Glenn Gottschall expected to sleep easier last night, now that the Stanislaus National Forest is back in the good graces of a regional review team.

The forest's deputy supervisor expressed his relief as members of the Regional Forester's Review Team finished their checkup on the forest yesterday.

Kent Connaughton, deputy regional forester and review team leader, and Marilyn Hartley, regional director of public affairs and communications, said forest employees and community members are on track to mend problems noted in last spring's analysis of the Stanislaus and its operations.

After last year's review, the team from the Forest Service's regional office in Vallejo released a report criticizing the Stanislaus for poor communication within the agency and with the public, and for not addressing critical issues.

Shortly after that release, Ben del Villar, the former Stanislaus supervisor, was transferred to an office job in the Forest Service's regional office.

Issues mentioned in the report included the off-highway-vehicle interface area on the Calaveras Ranger District, where homes back up to OHV trails and residents complain of dust and noise from the vehicles. Relations with the OHV community also needed mending, the report said, after someone leaked meeting notes with plans titled, "Fake it!" and "Take the money and run!" as potential strategies for acquiring OHV funds for the state.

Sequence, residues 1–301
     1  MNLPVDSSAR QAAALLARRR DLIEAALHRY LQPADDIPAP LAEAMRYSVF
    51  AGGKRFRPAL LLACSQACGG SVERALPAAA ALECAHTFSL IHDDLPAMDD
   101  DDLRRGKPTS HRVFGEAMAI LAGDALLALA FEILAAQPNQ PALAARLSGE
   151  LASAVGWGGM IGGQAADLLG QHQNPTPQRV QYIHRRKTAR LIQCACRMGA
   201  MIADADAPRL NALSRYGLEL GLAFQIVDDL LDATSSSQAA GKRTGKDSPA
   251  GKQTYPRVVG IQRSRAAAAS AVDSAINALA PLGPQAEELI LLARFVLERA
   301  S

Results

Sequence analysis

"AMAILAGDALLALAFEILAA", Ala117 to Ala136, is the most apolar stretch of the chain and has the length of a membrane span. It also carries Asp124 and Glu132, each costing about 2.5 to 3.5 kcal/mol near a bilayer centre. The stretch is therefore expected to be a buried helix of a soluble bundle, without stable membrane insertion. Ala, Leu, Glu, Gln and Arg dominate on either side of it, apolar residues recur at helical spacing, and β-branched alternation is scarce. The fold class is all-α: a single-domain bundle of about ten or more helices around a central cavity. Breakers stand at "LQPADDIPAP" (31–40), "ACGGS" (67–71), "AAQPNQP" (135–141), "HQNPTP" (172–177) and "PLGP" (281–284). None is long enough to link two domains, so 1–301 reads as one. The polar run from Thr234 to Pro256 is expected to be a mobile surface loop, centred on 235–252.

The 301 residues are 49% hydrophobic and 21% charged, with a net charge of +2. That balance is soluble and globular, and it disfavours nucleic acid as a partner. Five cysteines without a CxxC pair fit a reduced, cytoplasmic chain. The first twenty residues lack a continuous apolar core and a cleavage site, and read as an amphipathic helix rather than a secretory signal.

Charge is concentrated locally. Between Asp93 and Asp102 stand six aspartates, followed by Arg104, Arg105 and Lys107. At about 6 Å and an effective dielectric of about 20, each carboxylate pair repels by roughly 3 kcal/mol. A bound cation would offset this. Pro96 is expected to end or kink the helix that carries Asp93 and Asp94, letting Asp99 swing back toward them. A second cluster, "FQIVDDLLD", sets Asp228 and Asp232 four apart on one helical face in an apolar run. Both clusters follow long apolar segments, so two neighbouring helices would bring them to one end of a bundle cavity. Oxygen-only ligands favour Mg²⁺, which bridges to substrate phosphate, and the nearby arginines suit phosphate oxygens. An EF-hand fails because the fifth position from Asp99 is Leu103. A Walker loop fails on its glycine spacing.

The Sammy Timber Sale, a fire-fuel reduction project near Cold Springs, should hit the auction block by mid-summer 2002 after controversial postponements, the review team noted.

The Sammy Sale was a fuel-reduction-project that would have removed 3.5 million board feet from the forest surrounding Cold Springs residences, and helped reduce catastrophic-fire fuel.

After four years in the pipeline, the Sammy Sale was welcomed by Cold Springs homeowners, who looked forward to the fire protection. Loggers anticipated cutting enough wood to build 230 homes. Even local environmentalists blessed the sale.